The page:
7. Negativity: Any criticism, negative remarks, punishment, or blaming pointed toward the child. For example, Mark displays negativity when he gets angry at Billy for being socially anxious or tells him that he is awkward and weird in social situations.
3 Effective Strategies: What to Do
These strategies contribute to managing children’s anxiety effectively.
1. Task resolution: Any development and plans made to solve an issue or cope with anxiety. For example, Mark displays task resolution when he helps Billy come up with ways to cope with his social anxiety before an event.
2. Emotional support: Any indication of empathy and support for children to express their thoughts and feelings. For example, Mark displays emotional support when he tells Billy that it’s OK to feel anxiety and that it is not something to hide, shut down, or avoid.
3. Encouraging bravery: Anything said or done to encourage approaching, instead of avoiding, fearful situations. For example, Mark displays this strategy when he encourages Billy to try going to a birthday party.
The study also indicated that the strategies parents reported using were significantly different from the strategies they were observed using: 31 percent of parents reported overinvolvement, but the researchers observed it in 83.3 percent; and 11.9 percent reported anxious behavior, but researchers observed it in 81 percent. While these results are limited, they do highlight the relative lack of awareness that parents may have about the strategies they are using. What we think we are doing may often be quite different from what we are really doing. But it is never too late to learn new strategies and change course.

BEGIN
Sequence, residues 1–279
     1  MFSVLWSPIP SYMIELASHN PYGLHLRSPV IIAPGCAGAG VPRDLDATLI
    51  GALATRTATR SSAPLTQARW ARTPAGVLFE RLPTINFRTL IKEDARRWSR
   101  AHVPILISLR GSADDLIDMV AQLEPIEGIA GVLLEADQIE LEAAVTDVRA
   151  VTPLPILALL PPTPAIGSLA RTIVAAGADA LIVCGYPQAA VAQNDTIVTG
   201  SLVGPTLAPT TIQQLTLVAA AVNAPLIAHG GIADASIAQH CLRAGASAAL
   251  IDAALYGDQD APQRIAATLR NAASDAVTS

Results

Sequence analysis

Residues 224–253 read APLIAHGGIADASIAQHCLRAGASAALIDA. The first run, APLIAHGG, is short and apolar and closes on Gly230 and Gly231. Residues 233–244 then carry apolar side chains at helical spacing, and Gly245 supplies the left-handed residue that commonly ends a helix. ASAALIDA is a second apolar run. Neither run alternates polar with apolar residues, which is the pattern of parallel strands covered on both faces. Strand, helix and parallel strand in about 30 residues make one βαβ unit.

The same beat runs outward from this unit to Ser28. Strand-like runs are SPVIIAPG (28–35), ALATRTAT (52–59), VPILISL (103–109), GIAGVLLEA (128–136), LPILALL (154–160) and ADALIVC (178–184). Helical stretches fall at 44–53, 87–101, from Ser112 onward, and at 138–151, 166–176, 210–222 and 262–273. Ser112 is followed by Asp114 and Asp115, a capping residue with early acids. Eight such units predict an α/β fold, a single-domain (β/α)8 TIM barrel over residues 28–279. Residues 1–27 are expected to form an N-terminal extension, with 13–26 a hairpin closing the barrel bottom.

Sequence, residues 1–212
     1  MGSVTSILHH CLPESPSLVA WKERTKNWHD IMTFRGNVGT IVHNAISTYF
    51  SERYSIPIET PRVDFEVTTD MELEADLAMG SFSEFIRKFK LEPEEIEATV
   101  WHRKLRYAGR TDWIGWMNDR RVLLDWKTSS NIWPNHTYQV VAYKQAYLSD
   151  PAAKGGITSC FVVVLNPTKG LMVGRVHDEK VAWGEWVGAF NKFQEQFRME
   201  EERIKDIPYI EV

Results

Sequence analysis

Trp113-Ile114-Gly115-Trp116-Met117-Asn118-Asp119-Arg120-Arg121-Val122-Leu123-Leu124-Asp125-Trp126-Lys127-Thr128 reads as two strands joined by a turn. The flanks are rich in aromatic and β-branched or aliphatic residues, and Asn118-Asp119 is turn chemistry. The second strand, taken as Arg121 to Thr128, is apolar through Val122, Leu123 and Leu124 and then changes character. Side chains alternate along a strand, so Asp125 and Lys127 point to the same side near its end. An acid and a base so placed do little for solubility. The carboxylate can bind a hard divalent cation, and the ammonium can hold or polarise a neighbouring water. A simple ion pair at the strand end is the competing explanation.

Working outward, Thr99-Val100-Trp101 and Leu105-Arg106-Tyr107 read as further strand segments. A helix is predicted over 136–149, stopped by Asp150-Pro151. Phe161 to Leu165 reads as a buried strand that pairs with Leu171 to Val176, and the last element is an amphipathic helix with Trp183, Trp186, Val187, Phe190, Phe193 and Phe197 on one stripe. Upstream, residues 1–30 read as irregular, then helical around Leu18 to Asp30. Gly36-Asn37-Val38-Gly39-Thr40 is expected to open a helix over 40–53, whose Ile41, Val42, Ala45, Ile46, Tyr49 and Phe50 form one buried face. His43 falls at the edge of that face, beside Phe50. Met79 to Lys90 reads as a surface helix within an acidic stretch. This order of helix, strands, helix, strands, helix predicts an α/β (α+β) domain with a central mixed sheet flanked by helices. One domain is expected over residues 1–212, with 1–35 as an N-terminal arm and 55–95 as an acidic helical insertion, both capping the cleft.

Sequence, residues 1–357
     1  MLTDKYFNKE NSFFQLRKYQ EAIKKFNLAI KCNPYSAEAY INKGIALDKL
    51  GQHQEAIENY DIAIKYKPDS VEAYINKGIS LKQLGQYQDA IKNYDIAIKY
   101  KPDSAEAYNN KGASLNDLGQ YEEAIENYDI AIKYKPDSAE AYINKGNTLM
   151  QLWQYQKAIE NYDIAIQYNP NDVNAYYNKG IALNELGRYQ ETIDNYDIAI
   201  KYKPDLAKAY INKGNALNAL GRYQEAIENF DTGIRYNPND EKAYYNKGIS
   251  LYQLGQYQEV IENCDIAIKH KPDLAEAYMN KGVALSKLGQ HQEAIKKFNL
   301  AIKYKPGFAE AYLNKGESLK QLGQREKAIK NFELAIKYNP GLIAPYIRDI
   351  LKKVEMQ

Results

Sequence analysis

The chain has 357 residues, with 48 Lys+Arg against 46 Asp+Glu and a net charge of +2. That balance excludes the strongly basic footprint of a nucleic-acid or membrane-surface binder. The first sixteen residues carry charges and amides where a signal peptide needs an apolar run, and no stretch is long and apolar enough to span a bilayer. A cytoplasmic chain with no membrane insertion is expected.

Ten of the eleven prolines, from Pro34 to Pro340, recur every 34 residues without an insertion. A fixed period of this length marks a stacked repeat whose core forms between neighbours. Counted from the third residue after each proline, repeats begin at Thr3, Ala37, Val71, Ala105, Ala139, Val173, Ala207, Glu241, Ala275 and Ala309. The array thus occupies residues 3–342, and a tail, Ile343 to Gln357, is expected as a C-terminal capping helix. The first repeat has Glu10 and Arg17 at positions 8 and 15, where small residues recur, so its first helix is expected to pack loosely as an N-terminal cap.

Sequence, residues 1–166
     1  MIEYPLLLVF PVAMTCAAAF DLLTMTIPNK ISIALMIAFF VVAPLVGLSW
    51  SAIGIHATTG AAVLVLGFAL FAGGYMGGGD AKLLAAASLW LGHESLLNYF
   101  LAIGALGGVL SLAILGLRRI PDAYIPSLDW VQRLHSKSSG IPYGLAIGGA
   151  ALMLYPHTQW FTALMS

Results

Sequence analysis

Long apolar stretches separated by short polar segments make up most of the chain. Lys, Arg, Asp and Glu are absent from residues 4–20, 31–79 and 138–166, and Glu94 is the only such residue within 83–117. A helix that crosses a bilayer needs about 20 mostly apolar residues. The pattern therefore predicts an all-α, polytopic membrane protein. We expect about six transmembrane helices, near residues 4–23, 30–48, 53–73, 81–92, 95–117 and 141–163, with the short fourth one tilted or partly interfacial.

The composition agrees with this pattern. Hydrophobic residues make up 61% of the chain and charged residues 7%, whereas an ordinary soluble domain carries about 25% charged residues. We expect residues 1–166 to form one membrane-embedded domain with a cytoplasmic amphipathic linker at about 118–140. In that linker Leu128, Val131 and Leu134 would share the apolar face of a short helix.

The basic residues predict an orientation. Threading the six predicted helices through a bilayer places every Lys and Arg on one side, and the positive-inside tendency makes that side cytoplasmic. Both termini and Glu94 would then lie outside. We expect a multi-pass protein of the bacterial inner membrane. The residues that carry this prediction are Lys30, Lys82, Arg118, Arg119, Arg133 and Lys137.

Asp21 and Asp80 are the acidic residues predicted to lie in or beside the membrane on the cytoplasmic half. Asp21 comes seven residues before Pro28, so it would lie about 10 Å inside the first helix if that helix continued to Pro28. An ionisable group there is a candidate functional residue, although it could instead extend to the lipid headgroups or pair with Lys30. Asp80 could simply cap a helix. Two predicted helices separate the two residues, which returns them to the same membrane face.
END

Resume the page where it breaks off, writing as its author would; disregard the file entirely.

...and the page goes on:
1. American Psychiatric Association. (2013). Diagnostic and statistical manual of mental disorders (5th ed.). Arlington, VA: American Psychiatric Publishing.
2. Mcleod, B., Wood, J., Weisz, J. (2007). Examining the association between parenting and childhood anxiety: A meta-analysis. Clinical Psychology Review, 27, 155-172.
3. Kortlander, E., Kendall, P., Panichelli-Mindel, S. (1997). Maternal expectations and attributions about coping in anxious children. Journal of Anxiety Disorders, 11, 297-315.
4. Whaley, S., Pinto, A., Sigman, M. (1999). Characterizing interactions between anxious mothers and their children. Journal of Consulting and Clinical Psychology, 67, 826–836
5. Beato, A., Pereira, A. I., & Barros, L. (2017). Parenting strategies to deal with children’s anxiety: Do parents do what they say they do? Child Psychiatry and Human Development, 48, 423-433.
Carol S. Lee is a clinical psychology doctoral student at the University of Massachusetts Boston, with a background in psychology from the University of California San Diego. Her research with Dr. Sarah A. Hayes-Skelton focuses on understanding the effectiveness of anxiety disorder treatments, especially in the context of engaging in behavior despite fear or anxiety. Carol and Dr. Hayes-Skelton co-author articles for Anxiety.org, blending social and clinical psychology in their work.